At 77, Megawati should allow for a change of guard in PDI-P

Frenemies: Megawati sharing a moment with Jokowi during the PDI-P’s national congress in Jakarta last September, as then presumptive presidential nominee Ganjar Pranowo (right) looks on. — JP/ANN

THIS month, Megawati Soekarnoputri is marking two important events: the 51st anniversary of the Indonesian Democratic Party of Struggle (PDI-P) and her 77th birthday.

These two occasions could be used by party members as well as the general public to start a conversation on the issue of succession.

I predicted previously that Megawati would prefer President Joko “Jokowi” Widodo to take over the party leadership, but that seems impossible now. Yet it also means that Megawati could settle for the next best candidate to succeed her: presidential candidate Ganjar Pranowo, who can work alongside her daughter Puan Maharani and her son Prananda Prabowo as the party’s top executives.

If Megawati can make that decision soon enough, it could help the party’s standing ahead of the Feb 14 elections. In making that decision, the PDI-P matron could calm the party’s internal situation at the grassroots level as well as regain people’s trust, especially young voters who are put off by the party’s gerontocracy.

After all, the PDI-P stands a decent chance of losing to Prabowo Subianto’s Gerindra Party. If the opinion surveys are correct, the defence minister is expected to defeat Ganjar hands down.

At the same time, Megawati now has to deal with President Jokowi as an adversary after he decided to allow his son, Gibran Rakabuming Raka, to run as Prabowo’s vice president.

This was a severe about-face, as Megawati once considered Jokowi her successor. Still, it’s almost certain that she thought Jokowi had become too formidable a force to be entrusted with the party’s leadership.

Since Jokowi began his second term in 2019, it has been evident that Megawati and the PDI-P need Jokowi more than the President needs them. The tension came to a head last week, when the President opted to skip the PDI-P’s 51st anniversary celebration and instead went on a tour of several Asean countries to excuse his absence, knowing full well that he would be subjected to harsh words from Megawati yet again.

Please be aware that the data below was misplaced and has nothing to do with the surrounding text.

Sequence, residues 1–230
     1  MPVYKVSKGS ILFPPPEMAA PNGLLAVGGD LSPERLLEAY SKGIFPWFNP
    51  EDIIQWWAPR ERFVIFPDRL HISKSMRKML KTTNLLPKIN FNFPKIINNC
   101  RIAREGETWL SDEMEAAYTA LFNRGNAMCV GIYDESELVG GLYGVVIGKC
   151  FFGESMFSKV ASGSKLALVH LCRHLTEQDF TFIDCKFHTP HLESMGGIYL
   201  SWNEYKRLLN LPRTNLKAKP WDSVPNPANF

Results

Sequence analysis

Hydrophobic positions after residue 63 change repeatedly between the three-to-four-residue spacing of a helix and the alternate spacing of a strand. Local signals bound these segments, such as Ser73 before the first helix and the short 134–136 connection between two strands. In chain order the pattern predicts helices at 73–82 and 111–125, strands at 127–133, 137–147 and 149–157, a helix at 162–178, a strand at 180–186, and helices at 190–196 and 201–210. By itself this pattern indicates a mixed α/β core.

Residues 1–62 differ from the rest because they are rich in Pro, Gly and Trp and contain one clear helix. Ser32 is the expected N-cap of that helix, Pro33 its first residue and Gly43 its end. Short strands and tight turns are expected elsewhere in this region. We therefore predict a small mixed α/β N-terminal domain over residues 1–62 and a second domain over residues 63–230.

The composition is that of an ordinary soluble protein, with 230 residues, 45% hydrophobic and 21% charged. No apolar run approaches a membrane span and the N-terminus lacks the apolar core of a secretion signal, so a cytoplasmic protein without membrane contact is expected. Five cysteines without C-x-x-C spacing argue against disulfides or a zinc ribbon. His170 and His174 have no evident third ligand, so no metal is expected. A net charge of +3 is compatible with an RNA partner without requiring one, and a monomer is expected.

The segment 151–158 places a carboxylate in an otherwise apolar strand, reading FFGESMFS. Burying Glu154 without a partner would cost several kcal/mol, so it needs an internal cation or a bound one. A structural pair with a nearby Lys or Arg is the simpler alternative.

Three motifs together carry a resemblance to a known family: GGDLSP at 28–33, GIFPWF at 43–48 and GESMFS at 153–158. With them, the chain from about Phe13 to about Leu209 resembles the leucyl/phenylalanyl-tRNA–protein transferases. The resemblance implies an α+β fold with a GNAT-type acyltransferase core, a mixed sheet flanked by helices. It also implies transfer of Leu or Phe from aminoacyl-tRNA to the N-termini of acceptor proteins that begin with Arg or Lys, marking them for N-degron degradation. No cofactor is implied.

It has become customary for Megawati to use party events to recite a long list of Jokowi’s debts to the party. From the point of view of diplomacy, Jokowi’s Asean tour could be an embarrassment for the host countries, as it was nothing but an escape from an internal dispute within a political party that had catapulted him to the country’s highest office.

The Foreign Ministry must have worked very hard to find a justification for the President’s visits.

As for Megawati, she will probably have to face an unpleasant situation next month, with only herself to blame. And should the PDI-P suffer a blow in the presidential and legislative elections, its matriarch should be ready to answer some questions on accountability.

A poor electoral showing by the PDI-P would also be ultimate payback for President Jokowi, whom Megawati has repeatedly described as “a servant of the party”.

After all, Megawati has been leading the PDI-P for 31 years, since 1993, when she became a powerful symbol to unite the Opposition against then president Soeharto’s dictatorship. While Megawati was elected as the PDI-P chair that year, Soeharto refused to recognise her accession and three years later, in 1996, the strongman tried to oust Megawati by using the military. One year after Soeharto resigned, the PDI-P won the country’s first democratic election in 1999.

Megawati has achieved much during her long service: The PDI-P has won three out of five legislative elections and two presidential elections. But today, the country’s young voters are only familiar with her long and winding speeches, peppered with “arrogant” statements, including the one in which she pointed out that it was her prerogative to pick the party’s presidential candidates.

Without doubt, Megawati is the PDI-P’s supreme leader and holds absolute power. She has the final say on nearly everything except her successor, although we have reason to believe that she would be happy to see Puan and Prananda rising to the helm. For millions of her grassroots supporters, Megawati is a saviour of the nation and can do no wrong, even after she lost the presidential election twice to her former top security affairs minister Susilo Bambang Yudhoyono, who was backed by his upstart Democratic Party. But Megawati also brought the PDI-P back as a winner in the 2014 and 2019 general elections.

She got the credit for choosing then Jakarta governor Joko “Jokowi” Widodo as the party’s presidential ticket, and her gamble paid off when Jokowi won in 2014.

If the PDI-P does suffer a setback in the Feb 14 elections, will it be the result of a concerted effort by the President, hurt by long- standing humiliation, or because of a leader with absolute power staying too long at its helm?

The inconvenient truth is that the PDI-P needs a change in leadership for the sake of its internal democracy, especially in view of the Feb 14 elections. But it seems that no one in the party wants to have this difficult conversation.

The best gift Megawati could give to the PDI-P for her 77th birthday on Tuesday would be her assurance that she will start scaling back her role in the party to allow for the ascension of a younger generation of leaders.

Allowing Ganjar, Puan or Prananda to take on greater leadership roles would be a good start. – The Jakarta Post/Asia News Network

Kornelius Purba is a senior editor at The Jakarta Post

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